Space Shuttle Endeavour Made Final Flight Packed with Souvenir Patches

Shuttle Endeavour Carries Souvenir Patches on Final Ferry Flight
Patch-eye view: NASA techs look into space shuttle Endeavour's crew cabin after storing patches and a photo on board for the orbiter’s final ferry flight. (Image credit: CSC/Terbine/Stephen Silberkraus)

The space shuttle Endeavour's hatch will be opened by NASA technicians one last time this week, in part to retrieve thousands of souvenir patches and a photo — the retired orbiter's final flown cargo.

Endeavour, which is now temporarily parked in a United Airlines hangar at Los Angeles International Airport (LAX), is being prepared for its delivery to the California Science Center (CSC) for display. The shuttle, piggybacking atop a NASA jumbo jet, landed at LAX on Friday (Sept. 21) after a three-day cross-country ferry flight and four-hour flyover of the Golden State.

Just a few days before Endeavour left NASA's Kennedy Space Center in Florida for the final time, the space agency fulfilled a request by the CSC and stowed a care package on the shuttle's mid-deck inside its crew compartment. Stored in a locker, the pouch was flown with the orbiter on its recent ferry flight, which marked the last time a space shuttle ever took to the air.

Over the course of its 25 missions to space, Endeavour flew numerous significant payloads, including equipment to service and upgrade the Hubble Telescope, Spacelab and Spacehab modules, and the components to assemble the International Space Station. [Photos: Shuttle Endeavour's California Sightseeing Tour]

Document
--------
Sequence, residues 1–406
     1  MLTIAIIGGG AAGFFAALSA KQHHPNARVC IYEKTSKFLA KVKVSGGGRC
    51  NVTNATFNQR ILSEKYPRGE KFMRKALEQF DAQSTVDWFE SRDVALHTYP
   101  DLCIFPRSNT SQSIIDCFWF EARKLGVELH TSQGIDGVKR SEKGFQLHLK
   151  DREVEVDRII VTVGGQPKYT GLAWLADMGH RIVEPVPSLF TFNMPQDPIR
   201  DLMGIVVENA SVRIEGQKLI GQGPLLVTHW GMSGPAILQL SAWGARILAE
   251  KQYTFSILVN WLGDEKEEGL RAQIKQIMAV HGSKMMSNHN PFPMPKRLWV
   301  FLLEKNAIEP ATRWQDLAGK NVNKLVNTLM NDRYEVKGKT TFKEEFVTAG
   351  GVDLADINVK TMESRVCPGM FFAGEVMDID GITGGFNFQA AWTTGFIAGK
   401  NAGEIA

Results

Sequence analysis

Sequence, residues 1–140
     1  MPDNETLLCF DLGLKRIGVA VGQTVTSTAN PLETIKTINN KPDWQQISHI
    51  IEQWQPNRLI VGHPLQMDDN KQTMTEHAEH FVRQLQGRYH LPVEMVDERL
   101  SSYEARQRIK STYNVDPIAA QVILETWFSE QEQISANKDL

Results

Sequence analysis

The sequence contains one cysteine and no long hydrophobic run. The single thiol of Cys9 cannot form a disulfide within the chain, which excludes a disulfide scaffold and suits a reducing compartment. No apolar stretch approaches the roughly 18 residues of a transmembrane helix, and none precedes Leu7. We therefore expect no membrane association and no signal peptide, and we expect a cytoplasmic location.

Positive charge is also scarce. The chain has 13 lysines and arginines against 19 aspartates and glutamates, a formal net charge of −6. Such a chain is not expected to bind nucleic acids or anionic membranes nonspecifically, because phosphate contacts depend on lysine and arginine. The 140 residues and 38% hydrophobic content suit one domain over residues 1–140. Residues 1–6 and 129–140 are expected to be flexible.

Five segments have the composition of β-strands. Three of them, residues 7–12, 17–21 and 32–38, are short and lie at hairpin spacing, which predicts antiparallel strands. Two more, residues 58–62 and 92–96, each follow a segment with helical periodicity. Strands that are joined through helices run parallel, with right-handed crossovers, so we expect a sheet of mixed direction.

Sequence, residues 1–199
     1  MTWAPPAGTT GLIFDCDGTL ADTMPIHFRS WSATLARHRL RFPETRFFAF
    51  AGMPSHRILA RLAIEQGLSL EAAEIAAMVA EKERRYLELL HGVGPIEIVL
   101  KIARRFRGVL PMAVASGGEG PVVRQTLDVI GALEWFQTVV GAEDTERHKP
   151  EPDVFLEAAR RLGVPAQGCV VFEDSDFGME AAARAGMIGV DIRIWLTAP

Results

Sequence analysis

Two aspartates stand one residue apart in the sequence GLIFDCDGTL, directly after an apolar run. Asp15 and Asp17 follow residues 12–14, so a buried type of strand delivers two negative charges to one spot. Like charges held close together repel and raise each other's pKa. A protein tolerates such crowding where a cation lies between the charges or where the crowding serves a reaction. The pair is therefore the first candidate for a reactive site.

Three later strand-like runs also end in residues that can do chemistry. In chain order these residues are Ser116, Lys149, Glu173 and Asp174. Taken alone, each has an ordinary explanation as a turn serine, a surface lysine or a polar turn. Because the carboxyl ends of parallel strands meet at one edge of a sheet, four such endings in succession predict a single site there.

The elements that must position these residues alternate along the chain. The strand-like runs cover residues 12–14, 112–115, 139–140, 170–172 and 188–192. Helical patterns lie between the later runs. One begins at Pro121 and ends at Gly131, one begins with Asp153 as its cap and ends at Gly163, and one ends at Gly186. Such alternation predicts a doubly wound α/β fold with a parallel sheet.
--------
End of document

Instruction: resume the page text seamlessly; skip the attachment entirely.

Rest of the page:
Endeavour's final cargo, carried on what the CSC dubbed "Mission 26: The Big Endeavour," may be more memento than mission-critical, but it still served a purpose: to say thank you.

NASA's space shuttle Endeavour flies over Los Angeles International Airport while riding piggyback atop its Shuttle Carrier Aircraft on Sept. 21, 2012, during a4.5-hour aerial tour over California. The shuttle was being delivered to L.A., where it is destined to serve as a museum piece at the California Science Center. (Image credit: Mike Wall/


The California Science Center flew 5,000 woven patches aboard Endeavour featuring a design that celebrated both of the modes of transport responsible for delivering the shuttle to its new display pavilion.

The 4.5-inch wide (11.4 centimeters) colorful badges depict Endeavour soaring on top of NASA's modified Boeing 747 Shuttle Carrier Aircraft (SCA) and riding the self-propelled overland transporter that will take it on its road trip to the CSC. Endeavour is set to depart LAX and travel through Inglewood and Los Angeles city streets on Oct. 12-13 as the final leg of "Mission 26."

The numbers "25:123:12" are inscribed along the top of the patches. The "25" is for Endeavour's 25 missions to space and the "123" represents the 123 million miles (198 million kilometers) the orbiter traveled in flight. The "12" refers to the number of miles the shuttle will travel on the road to the science center.

While black-bordered versions of the patches are already for sale in the CSC's gift shop, the flown patches — which are set apart by their gold thread border — will not be sold. Instead, say science center officials, they will be given to those who made "Mission 26" possible: team members who worked on the ferry flight and the upcoming overland transport, as well as the center's donors who helped fund Endeavour's temporary and permanent exhibits.